Anyone who has tried to make small talk with an academic publisher over the past decade will know all they need to say is: “What do you think about Open Access?” Ask anyone involved in consumer publishing the same thing and you are more likely to receive a quizzical look or, simply: “This isn’t an issue for me.” But times they are a changing. And while the authors, publishers and sellers of consumer books are right to think that the current Open Access (OA) storm is being felt by their academic cousins, the forecast suggests it may only be a matter of time before the first winds reach their shore.
OA has moved back up the publishing policy agenda, due in part to the internal “review” being conducted by the newly formed United Kingdom Research & Innovation (UKRI), set up to oversee how public money into research is targeted and effectiveness measured. There is a frequently aired position among the research community that OA is one way of achieving more bang for the taxpayer’s buck. However, this community usually believes there hasn’t been a fast or broad enough OA movement—and that publishers are slowing things down. The reality is that we are pro-access and always will be. Which of us ever went into publishing determined to stop people reading?
So, here are three reasons why OA is relevant beyond academic publishing and why writers, publishers and sellers of consumer books should watch the OA debate closely:
- The policy direction is short term, and largely indifferent about the role of publishers.
Many proponents of OA don’t value or understand what publishers, editors or authors do. While they want access to content, they don’t show much understanding of the time and skill it takes to be accurate, useful and available in the ways they want and need. Content is deemed to be an inexhaustible asset. Furthermore, some seem to believe that all research publishing can be conducted “at cost”, as if making books for academics is as predictable and certain a thing as making pencils. There is no need to create surplus for investment when all that is required is the turning of a handle and the pushing of a few buttons—so this thinking goes. Rather than creating policies with a relentless focus on the outputs themselves, they focus instead on dictating the processes to achieve those outputs. What price academic and author freedom, and freedom to publish, with all of the flexibility that entails? And how long before this lack of respect for the skilled work of authors, publishers and booksellers starts being applied to other types of books?
- The crossover between the academic and trade non-fiction market is wafer thin.
As highlighted by The Bookseller, there is a move that content submitted for future Research Excellence Framework exercises must be OA, and an intention that this would include monographs. There is a fine line between academic monographs and the “academic” books you might find in the trade non-fiction market. Policy development in this area, if exceptions aren’t carefully positioned, could have an impact on publishers that don’t see themselves as academic publishers. Compared to journals, books are conceived in different ways and for different reasons, written and created differently, published and manufactured differently, sold and distributed differently, and read and used differently. Pushing OA policy through the lens of journals could be damaging for books. The consequence of which are potentially significant for publishers, authors, readers and booksellers.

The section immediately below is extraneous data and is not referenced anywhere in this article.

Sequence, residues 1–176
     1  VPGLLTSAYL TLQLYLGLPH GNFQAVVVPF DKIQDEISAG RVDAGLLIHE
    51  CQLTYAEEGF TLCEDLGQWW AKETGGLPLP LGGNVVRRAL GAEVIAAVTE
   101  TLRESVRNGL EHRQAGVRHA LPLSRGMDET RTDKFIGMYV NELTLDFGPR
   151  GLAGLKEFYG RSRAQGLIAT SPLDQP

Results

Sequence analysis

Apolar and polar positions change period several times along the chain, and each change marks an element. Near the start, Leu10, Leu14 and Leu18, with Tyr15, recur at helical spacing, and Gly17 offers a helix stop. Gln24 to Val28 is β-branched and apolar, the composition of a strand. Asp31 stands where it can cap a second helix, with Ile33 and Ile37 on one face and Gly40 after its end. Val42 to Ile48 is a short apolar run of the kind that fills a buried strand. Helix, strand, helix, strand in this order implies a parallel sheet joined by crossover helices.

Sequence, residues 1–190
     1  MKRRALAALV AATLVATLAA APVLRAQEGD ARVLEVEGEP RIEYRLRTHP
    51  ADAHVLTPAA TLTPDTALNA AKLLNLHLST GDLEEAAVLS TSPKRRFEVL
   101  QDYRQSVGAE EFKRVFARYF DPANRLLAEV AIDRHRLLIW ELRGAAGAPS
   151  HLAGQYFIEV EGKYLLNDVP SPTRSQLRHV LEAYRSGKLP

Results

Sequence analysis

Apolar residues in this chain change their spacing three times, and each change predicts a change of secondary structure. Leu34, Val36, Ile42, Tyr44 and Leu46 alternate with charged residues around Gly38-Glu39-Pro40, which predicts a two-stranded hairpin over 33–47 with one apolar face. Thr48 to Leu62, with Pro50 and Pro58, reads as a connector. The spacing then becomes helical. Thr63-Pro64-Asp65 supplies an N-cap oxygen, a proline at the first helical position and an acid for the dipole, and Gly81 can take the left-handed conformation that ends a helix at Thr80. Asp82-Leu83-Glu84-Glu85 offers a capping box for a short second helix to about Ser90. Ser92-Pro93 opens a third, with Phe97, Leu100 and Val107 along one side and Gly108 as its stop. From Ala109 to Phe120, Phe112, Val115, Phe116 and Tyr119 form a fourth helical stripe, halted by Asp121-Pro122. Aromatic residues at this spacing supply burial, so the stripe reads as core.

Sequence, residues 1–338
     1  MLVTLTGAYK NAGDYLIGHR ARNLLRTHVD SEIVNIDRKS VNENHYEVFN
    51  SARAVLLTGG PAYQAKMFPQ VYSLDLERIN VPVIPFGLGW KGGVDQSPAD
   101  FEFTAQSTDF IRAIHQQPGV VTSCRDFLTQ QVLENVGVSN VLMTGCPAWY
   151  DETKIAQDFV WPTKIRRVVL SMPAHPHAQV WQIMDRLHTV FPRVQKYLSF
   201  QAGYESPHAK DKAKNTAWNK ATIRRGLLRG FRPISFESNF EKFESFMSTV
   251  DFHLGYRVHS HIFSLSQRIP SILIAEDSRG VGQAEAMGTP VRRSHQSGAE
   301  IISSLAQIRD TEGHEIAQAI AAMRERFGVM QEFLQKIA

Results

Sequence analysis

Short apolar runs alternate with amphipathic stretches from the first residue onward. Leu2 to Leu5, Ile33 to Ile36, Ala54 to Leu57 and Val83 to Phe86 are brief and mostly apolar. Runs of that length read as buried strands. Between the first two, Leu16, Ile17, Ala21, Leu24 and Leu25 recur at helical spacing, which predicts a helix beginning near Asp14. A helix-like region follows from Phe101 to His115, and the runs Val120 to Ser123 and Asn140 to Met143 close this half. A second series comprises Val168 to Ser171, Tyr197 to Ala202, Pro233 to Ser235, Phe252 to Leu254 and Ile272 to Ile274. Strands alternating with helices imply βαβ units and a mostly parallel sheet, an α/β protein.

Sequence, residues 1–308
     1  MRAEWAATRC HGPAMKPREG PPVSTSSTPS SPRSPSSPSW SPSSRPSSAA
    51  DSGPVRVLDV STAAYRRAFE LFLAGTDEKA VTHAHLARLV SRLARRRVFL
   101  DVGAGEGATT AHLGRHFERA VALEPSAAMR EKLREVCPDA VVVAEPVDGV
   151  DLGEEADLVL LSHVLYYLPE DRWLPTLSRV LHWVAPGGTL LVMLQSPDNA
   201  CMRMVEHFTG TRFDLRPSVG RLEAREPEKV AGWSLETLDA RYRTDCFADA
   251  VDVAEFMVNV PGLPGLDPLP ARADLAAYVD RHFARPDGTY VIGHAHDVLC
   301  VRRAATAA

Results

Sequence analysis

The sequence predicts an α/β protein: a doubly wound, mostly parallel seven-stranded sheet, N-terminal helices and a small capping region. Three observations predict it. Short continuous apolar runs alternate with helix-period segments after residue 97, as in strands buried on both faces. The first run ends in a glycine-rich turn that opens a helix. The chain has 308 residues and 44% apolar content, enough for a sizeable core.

- This is content policy happening outside of copyright - and there may be more to come.
One other concerning aspect of OA is the move to make content policy outside the copyright framework. If there is a public need to change the way academic content should be regulated, then this change should have been proposed, consulted and implemented in the same way all equivalent changes have been handled—namely, by amending copyright. A very similar issue around Text and Data Mining has recently been handled in this way both in the UK and at EU level. This policy objective has been achieved by following rules that are consistent with international copyright norms and all of the associated good checks and balances. Instead, we’ve let policymakers have a taste of content policy-making by the back door. We are now seeing laws around content, data and online media regulation being debated with all sides increasingly having a view on where private and public rights in content collide.
OA might have been the first time the UK has made content policy by working around the copyright framework, but I fear it won’t be the last. The desire for short-term domestic answers to the huge challenges presently facing the UK may make responding to other calls for free content, public-sector cost savings and more demonstrable output from taxpayer money hard to resist. If the UK government has bought into the simplistic arguments that content should be free, that publishers and booksellers add little value, and applied these to their academic publishing policies, what is to stop them applying that logic to policy related to other types of publishing in the future? Everyone who believes in a world of good books needs to scrutinise policymaking in this area and to challenge the claims that OA and other free content lobbies are pursuing in their dialogue with politicians.
If we do not, we may risk irreparable damage not just to the academic publishing ecosystem, but to content infrastructure more broadly and to publishing as a whole.
William Bowes is director of policy and general counsel at the Publishers Association.